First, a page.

Yeast. It’s one of those things that comes up occasionally in conversations about cloth diapering. Yeast can continue to grow in your diapers and reinfect your child after the rash is gone. Hard to get rid of? Not necessarily. In fact, this latest time that Malina had to deal with yeast in her household, she were able to keep her son in cloth while treating him and the diapers.
Many rashes look alike, so it’s not always obvious to figure out what you’re dealing with. Yeast often manifests as bright red spots with bumps around them, like moons around a planet. It can look like chicken pox, or pimples, and is often concentrated in the creases and folds of the skin. Yeast often appears after a treatment with antibiotics, since they will kill both the good and the bad bacteria in the body; so if your baby has recently been treated with antibiotics, and has a rash matching the description above, there’s a good chance that you’re dealing with yeast. That being said, it’s important to consult with your health care provider to determine whether that is actually the case.
Step Two: Kill the Yeast!
In order to get rid of yeast, you will have to treat your baby’s skin and you’ll have to wash any cloth products that have been in contact with the skin (diapers, liners, wipes, towels, changing pads, etc.). It’s very important to address both issues in order to fully resolve the problem. Read on:
Part One: The Skin
You will have to apply a diaper cream at every change. You can try a natural cream that is specially formulated to treat yeast. Or, if natural creams don’t seem to be working, you may need to use a medicated cream prescribed by a doctor. It’s important to use Bio-Soft liners during this time to protect your diapers from the creams you are using, to avoid residue problems. Contrary to what many people think, it is not a good idea to apply powder, as the yeast will feed on the talc in the powder, and it will make the problem worse! You should also try to change your baby’s diaper more often, about every couple of hours.
Part Two: The Diapers
To properly rid your diapers, liners, wipes, towels, changing pads, etc. of yeast, you will need to switch to a more rigorous washing routine using oxygenated bleach until your baby’s rash disappears, and for five days afterwards, as follows*:
- Fill machine with hot water
- Add the maximum recommended amount of oxygenated bleach, stir until dissolved
- Add diapers etc. and soak for 15 minutes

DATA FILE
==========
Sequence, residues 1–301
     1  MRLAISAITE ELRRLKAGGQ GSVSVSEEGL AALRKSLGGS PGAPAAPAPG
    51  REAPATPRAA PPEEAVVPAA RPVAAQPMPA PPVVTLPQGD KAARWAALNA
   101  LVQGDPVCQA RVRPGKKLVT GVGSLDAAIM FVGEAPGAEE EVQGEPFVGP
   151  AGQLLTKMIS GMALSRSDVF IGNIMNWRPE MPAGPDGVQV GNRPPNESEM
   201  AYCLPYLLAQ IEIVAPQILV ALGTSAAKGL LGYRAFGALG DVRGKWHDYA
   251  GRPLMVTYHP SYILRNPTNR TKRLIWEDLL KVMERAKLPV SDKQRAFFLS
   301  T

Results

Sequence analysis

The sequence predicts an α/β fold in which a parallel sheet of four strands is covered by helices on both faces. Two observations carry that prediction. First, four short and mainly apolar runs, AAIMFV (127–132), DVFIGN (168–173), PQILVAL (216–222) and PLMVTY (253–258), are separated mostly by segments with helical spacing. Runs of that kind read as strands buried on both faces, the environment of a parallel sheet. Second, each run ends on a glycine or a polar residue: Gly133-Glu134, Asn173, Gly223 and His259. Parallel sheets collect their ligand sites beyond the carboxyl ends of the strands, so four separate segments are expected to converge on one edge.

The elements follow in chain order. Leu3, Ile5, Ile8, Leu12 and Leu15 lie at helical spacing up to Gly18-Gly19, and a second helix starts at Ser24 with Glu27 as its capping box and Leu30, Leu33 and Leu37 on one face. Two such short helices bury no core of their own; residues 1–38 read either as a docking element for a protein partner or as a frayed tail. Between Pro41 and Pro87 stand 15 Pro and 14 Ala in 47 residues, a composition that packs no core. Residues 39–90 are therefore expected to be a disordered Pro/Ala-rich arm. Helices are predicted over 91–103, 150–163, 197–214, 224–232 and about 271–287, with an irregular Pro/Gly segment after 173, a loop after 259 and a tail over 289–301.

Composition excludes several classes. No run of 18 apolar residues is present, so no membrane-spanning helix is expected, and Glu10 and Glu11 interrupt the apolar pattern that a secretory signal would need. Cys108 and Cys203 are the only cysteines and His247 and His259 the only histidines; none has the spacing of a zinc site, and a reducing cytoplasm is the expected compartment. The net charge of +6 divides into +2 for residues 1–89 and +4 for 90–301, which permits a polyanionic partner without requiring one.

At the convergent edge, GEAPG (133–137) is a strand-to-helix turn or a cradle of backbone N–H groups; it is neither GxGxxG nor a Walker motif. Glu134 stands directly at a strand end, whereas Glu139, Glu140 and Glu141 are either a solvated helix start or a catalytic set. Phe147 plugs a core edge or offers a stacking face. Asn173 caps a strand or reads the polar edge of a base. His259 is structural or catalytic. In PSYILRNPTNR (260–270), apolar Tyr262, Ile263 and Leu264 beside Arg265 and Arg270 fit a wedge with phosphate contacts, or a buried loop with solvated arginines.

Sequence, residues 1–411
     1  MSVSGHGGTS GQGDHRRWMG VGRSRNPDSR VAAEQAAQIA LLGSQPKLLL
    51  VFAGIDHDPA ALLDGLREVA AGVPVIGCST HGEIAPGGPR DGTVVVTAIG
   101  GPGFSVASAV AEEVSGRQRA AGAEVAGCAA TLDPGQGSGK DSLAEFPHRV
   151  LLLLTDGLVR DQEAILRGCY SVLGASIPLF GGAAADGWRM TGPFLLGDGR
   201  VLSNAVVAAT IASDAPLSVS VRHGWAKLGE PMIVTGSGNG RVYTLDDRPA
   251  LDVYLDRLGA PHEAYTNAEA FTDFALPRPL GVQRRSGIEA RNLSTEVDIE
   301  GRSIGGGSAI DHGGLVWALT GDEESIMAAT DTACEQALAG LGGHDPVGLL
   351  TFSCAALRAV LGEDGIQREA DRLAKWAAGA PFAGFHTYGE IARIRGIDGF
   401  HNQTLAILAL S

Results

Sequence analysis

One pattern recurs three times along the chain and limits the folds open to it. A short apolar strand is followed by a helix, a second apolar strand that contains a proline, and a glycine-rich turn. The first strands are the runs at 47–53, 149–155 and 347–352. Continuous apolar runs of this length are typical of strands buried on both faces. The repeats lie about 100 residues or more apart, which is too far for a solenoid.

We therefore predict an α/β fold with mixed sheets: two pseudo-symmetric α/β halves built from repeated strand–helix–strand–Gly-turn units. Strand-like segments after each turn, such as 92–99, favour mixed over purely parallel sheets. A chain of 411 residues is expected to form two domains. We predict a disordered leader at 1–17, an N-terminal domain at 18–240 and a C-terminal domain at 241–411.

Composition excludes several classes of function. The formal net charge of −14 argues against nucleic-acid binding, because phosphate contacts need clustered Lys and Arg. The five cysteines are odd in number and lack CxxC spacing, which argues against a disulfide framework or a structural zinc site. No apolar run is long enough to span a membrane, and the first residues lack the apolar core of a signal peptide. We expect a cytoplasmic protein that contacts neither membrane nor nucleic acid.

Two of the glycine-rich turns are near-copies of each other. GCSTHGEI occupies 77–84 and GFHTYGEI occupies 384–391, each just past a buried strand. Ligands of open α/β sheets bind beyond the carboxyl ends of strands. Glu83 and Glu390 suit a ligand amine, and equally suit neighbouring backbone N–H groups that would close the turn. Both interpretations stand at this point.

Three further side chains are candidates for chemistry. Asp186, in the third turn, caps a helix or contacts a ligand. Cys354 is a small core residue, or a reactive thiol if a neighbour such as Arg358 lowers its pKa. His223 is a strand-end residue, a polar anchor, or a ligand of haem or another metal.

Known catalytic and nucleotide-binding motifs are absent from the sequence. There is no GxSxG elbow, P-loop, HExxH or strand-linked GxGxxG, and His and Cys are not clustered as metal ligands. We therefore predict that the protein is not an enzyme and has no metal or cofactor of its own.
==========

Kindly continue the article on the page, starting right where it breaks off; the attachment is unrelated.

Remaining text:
- Wash on hot, with oxy bleach (same quantity as above) + detergent
- Rinse well, with lots of water
- Dry in the sun if at all possible (it really helps to disinfect), or in the dryer.
*Please defer to your diaper manufacturer’s recommendations if they differ from these.
Some people choose to use disposable diapers while treating their baby for yeast. If this is what you choose to do, you will still need to complete the routine described above once, and then to put your cloth diapers aside until your baby’s rash disappears, and for five days afterwards, to ensure that the yeast is completely gone. If you continue to use cloth diapers, wipes, change pads, etc. while treating your baby, you will need to follow this routine at every wash.
Part Three: Advanced Troubleshooting for Stubborn Problems
If you follow the above routine and you are still unable to get rid of the yeast, you can try chlorine bleach instead of oxygenated bleach. It is much harsher, but much stronger. Follow the same steps, but you can use warm water instead of hot if you wish.
If you have prefolds, you can try boiling them to kill the yeast. We do not recommend boiling any other type of diaper, or any type of wrap, as the elastics and PUL are not likely to stand up well to this intense process!
Some people swear by grapeseed extract or tea tree oil as remedies for yeast, so you can try one of those instead of oxy bleach if you wish. You will need to use between 20-100 drops each time you wash. You can also make a bum wash solution with grapeseed extract or tea tree oil to help disinfect at each diaper change.
Some people swear by acidophilus as a treatment for yeast infections. If you are breastfeeding, you can take it yourself and it will transfer to your baby through your breastmilk. If not, it can be given directly to your baby. This article is more specific to breastfeeding and thrush, but is also applicable to yeast infections and diapering, and offers acidophilus treatment ideas.
This blog post is the result of a collaborative effort between Malina, Shirley and Maeghan.